Express Entry points for French skills and siblings in Canada

By Victor Ing,
Special to The Post

Canada’s Express Entry system continues to make headlines with more upcoming changes announced to the points scoring system called the “Comprehensive Ranking System” or CRS.
Starting June 6, 2017, additional CRS points will be awarded to Express Entry candidates with strong French language ability and those with siblings living in Canada.
In November 2016, Immigration, Refugees and Citizenship Canada (“IRCC”) announced significant changes to overhaul the way CRS points are calculated under the Express Entry system.
These changes reduced the points awarded to candidates for job offers but increased points for candidates who have spent time in Canada, such as international students who have completed a post-secondary educational credential in Canada.
Since the November 2016 changes have taken effect, the CRS points required to obtain an invitation to apply for permanent residence have dropped significantly. Record lows are being established with each passing round of invitation in the month of April.
Starting on April 5, 2017 the CRS points needed to receive an invitation to apply dropped to 431. One week later, a new low score of 423 points was established on April 12, 2017.
Finally, the latest round of invitation took place on April 19, 2017 and reduced the points even further to 415 points.
The new changes to take effect on June 6, 2017 will grant up to 30 additional points to Express Entry candidates with strong French language abilities. These points can only be claimed if the candidate can prove their French language skills by completing the Test d’évaluation de français (“TEF”) for the four skills of reading, writing, listening and speaking.
Furthermore, starting on June 6, 2017, Express Entry candidates will be awarded 15 additional points if the candidate or the candidate’s spouse or common-law partner have a sibling in Canada who is a citizen or permanent resident and is over 18 years old. The sibling relationship may be established through an adoptive relationship.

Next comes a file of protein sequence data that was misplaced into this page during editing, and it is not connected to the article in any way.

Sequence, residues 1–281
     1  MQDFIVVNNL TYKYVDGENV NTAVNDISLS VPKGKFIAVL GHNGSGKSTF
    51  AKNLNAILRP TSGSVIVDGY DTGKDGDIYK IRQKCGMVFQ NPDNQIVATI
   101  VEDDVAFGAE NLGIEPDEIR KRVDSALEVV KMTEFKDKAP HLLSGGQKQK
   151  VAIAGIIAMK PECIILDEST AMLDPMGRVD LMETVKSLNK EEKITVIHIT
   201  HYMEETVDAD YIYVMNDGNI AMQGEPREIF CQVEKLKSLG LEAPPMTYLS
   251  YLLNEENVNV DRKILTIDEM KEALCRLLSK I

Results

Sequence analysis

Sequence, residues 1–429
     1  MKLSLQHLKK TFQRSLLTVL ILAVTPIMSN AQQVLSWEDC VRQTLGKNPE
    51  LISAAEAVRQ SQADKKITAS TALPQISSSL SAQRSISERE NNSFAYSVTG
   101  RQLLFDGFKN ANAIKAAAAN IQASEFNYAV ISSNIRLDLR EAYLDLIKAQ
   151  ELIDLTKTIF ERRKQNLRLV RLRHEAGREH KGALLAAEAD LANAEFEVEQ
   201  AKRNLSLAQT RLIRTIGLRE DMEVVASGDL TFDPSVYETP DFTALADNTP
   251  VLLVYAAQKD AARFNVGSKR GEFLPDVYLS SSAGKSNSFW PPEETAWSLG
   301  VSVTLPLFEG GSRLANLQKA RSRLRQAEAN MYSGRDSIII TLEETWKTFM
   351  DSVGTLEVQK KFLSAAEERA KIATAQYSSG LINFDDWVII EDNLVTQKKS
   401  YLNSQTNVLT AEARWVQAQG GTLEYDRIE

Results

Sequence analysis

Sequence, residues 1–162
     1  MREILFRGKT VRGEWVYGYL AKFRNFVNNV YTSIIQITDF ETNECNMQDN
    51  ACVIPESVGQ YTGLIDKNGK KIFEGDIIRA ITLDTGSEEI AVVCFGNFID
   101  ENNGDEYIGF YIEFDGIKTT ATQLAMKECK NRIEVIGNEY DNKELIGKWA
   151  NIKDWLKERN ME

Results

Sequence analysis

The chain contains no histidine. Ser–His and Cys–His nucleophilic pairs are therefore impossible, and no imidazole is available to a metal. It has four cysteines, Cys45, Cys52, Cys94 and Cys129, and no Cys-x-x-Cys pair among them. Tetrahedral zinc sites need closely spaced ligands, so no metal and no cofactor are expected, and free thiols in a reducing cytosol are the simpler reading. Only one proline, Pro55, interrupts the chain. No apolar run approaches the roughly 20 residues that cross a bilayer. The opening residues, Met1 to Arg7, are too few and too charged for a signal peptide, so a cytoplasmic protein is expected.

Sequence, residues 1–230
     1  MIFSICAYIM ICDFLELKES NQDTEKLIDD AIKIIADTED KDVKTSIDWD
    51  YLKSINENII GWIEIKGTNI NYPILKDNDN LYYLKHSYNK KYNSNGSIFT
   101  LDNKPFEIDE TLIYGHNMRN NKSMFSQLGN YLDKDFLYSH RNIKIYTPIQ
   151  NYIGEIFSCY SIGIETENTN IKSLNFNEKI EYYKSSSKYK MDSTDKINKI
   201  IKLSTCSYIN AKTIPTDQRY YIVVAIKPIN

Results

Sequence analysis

The upcoming June 2017 changes signal a continuing and gradual shift in IRCC’s mandate for selecting skilled workers to apply for Canadian permanent residence. Whereas prior to November 2016 having a qualifying Canadian job offer made all the difference between receiving an invitation to apply for permanent residence or not, the changes to the CRS points scoring system in the past six months show a change in emphasis to selecting candidates who have strong human capital factors such as language ability and those with pre-existing ties to Canada, whether through family connections or through previous periods of work and study, all of which IRCC believes will ultimately accelerate a candidate’s ability to integrate into Canadian society and become productive and contributing members.
Although the granting of up to an additional 30 points for French language ability and 15 points for sibling relationships in Canada may appear at first glance to be subtle awards, these changes are quite significant in combination with the falling CRS points threshold seen in the past month.
Those candidates who can benefit from these additional points should begin taking steps to create Express Entry profiles, if they have not done so already, and to take the TEF examination to score extra points for French language ability.

 

Victor Ing is a lawyer of Sas & Ing Immigration Law Centre. He provides a full range of immigration services.

For more information go to www.canadian-visa-lawyer.com or email victor@canadian-visa-lawyer.com.

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